The Land Stewarts: Longview Agricultural Center links communities through organic agriculture

Land_1.jpg

story by dana henry"Food is a great way to bring people together,” says Jennifer Brodsky, Greener Partners’ chief operating officer. At Longview Agricultural Center, a 90-acre certified organic farm in Collegeville and hub for Greener Partners, food is at the heart of their mission.

The 25-employee operation offers canning and cheese-making for local food hobbyists, healthy snack-making and cooking classes for public school youth, and two-year agricultural apprenticeships for young farmers committed to the business of local organic growing. Farmers give educational tours to curious visitors, and offer bi-weekly planting and harvesting opportunities for those who want to get their hands dirty. Their four-season CSA and on-site market, sourcing regional produce, meat, cheeses and baked goods, gives testament that sustainable food production is a year-round activity.

The farm itself is also a kind of experiment in agricultural restoration. When the property’s owners, Drew and Melissa Smith, bought the family farm 10 years ago—then named Willow Creek Orchards—it was a 150-year-old mono-cropped soy and corn farm. Years of pesticide and synthetic fertilizing practices had leached the soil of its nutrients. The couple got to work planting fruit trees, diversifying the vegetable crops and introducing strawberry patches. They were able to purchase the development rights to keep the lands preserved and built the market. In early spring 2011, they asked Greener Partners to lease the farm.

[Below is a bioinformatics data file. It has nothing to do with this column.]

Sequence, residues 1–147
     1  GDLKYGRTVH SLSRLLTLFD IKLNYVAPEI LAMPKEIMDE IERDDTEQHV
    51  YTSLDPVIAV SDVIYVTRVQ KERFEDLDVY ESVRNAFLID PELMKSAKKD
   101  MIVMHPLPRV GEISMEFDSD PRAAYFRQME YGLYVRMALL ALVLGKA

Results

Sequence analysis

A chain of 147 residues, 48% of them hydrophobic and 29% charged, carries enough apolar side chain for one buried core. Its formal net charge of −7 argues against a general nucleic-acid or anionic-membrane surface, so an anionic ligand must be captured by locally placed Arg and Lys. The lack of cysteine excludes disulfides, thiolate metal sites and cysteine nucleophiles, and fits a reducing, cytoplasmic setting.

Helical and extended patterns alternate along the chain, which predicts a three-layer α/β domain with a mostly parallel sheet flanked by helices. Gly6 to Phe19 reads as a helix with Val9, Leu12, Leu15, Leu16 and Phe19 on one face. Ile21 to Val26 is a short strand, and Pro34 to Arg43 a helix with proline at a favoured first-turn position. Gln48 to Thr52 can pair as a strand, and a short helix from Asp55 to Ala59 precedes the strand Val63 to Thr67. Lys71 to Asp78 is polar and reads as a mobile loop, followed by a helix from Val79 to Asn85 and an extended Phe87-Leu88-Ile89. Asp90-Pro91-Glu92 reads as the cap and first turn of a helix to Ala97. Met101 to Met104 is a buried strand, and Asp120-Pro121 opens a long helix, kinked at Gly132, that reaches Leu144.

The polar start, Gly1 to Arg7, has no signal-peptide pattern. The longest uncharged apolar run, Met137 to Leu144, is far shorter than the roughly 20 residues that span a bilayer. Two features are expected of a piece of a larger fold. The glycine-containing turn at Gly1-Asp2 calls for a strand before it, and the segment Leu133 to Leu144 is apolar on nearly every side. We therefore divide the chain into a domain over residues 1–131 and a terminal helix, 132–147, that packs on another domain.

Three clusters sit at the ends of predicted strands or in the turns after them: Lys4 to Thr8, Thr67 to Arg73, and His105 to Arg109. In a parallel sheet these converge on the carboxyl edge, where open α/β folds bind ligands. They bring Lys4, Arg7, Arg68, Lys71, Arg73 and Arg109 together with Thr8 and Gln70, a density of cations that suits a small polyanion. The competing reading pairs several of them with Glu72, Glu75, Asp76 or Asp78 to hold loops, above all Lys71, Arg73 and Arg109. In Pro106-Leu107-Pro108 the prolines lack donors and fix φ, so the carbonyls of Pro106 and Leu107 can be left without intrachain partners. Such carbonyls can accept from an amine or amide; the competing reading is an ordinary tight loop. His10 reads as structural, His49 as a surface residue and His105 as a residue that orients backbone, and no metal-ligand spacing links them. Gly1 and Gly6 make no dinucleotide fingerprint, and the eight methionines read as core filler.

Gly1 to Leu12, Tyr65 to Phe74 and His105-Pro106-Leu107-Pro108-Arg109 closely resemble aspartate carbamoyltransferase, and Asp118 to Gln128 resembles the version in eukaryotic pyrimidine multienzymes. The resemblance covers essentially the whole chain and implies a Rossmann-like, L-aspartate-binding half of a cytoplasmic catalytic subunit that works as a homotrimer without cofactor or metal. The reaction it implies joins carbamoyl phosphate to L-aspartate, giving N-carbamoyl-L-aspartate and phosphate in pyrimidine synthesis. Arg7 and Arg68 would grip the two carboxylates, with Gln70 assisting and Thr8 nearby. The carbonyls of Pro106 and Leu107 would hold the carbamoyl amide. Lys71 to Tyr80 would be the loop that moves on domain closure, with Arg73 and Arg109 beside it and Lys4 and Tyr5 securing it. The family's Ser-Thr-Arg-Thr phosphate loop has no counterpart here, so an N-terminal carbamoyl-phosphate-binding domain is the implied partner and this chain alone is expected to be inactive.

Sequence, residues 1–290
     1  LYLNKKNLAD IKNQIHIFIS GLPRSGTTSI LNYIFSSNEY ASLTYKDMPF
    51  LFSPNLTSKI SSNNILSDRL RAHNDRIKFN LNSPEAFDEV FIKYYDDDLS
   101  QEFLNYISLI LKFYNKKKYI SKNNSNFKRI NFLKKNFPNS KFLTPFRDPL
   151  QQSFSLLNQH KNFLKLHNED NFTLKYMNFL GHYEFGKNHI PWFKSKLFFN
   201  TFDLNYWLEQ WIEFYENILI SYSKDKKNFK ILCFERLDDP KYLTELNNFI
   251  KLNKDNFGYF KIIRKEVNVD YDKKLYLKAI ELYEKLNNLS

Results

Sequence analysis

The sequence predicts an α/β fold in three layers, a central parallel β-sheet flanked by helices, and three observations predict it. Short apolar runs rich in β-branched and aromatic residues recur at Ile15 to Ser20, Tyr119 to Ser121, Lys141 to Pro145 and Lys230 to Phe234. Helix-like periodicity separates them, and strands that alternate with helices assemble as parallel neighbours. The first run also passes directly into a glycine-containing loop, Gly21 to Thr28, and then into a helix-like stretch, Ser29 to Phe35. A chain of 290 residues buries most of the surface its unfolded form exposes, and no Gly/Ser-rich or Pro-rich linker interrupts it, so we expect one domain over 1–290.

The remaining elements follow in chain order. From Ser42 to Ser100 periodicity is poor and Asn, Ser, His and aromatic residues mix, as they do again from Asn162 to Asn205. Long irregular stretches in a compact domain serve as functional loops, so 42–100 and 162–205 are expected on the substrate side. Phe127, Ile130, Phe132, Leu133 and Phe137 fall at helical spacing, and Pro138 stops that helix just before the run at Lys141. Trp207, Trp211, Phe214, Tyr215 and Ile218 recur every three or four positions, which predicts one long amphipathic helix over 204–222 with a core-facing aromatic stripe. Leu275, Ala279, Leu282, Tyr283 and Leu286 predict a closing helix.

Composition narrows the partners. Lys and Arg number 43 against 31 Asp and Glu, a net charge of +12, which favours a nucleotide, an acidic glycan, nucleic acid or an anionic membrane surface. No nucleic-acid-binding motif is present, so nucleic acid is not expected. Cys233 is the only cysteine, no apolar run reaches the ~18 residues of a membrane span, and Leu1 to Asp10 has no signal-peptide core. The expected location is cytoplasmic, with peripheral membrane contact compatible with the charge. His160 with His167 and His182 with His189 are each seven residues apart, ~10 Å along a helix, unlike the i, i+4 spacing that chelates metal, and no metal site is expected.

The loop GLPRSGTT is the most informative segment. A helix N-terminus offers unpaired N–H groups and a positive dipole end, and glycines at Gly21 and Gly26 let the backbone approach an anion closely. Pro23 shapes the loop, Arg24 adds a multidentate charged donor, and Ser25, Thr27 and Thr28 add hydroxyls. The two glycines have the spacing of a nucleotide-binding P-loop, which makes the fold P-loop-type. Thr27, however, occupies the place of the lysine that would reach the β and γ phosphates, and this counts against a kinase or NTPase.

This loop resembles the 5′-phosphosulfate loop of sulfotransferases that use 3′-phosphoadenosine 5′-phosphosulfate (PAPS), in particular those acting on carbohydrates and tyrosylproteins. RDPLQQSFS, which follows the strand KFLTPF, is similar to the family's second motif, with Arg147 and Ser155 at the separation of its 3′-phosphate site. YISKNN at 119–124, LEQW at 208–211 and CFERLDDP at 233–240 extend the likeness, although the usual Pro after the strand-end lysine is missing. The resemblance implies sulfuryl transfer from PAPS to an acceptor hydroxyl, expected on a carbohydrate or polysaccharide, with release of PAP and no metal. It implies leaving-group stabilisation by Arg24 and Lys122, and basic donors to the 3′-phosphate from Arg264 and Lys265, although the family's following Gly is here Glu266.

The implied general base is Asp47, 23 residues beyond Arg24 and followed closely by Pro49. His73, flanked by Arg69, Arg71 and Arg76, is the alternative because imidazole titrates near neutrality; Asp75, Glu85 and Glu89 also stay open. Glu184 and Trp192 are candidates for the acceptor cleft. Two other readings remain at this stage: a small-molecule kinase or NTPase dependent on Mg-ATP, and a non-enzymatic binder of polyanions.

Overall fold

Land_2.jpg

Instead of planting every inch of land, Greener Partners focuses on balancing yields with healthy ecology and rehabilitation of the soil. For example, four acres of strawberry patches are divided by large greenways to strengthen stormwater management and reduce erosion. Pumpkins, tomatoes, 50 varieties of winter squash and lettuce share space with planted meadows, walking trails and buffer strips (areas of natural vegetation). Bison manure from a nearby farm is added to Longview’s crop compost to supplement and revive the soil.

One of the biggest challenges, says Brodsky, has been maintaining an organic orchard. Fruit trees are prone to mold and fungal disease, particularly during stretches of heavy rain, which can compromise the plant, leading to further attacks of apple scabs and stink bugs. When Greener Partners took on Longview, there were 14 acres of unpruned apple, pear and peach trees. Rain proved plentiful in the coming season. Yet, Greener Partners maintained a “passive” approach, rigorously harvesting fruit before it could fall to the ground and attract further contaminants. Still in their first year, an abundant yield of Asian pears—which are sold at their market alongside Longview Asian pear cider and Asian pear gelato made in partnership with Capogiro—is an accomplishment.

Brodsky says they decided to be certified organic, despite the expense and bureaucracy, because it adheres to their stewardship standards. In the coming years, she expects Longview will continue to refine their farming practices while growing the farming apprenticeship program to include training in human resources, budgeting and other business-savvy skills. The program, she hopes, will grow more small, high-standard organic farms in our region. “We renamed it Longview because that’s our goal,” Brodsky affirms. “We take a long view on agriculture, on land stewardship, connecting with the community, and really acting as a heart and center.”

Longview is located at 3215 Stump Hall Rd, Collegeville. To learn more about the Center, their market and upcoming events, visit greenerpartners.org.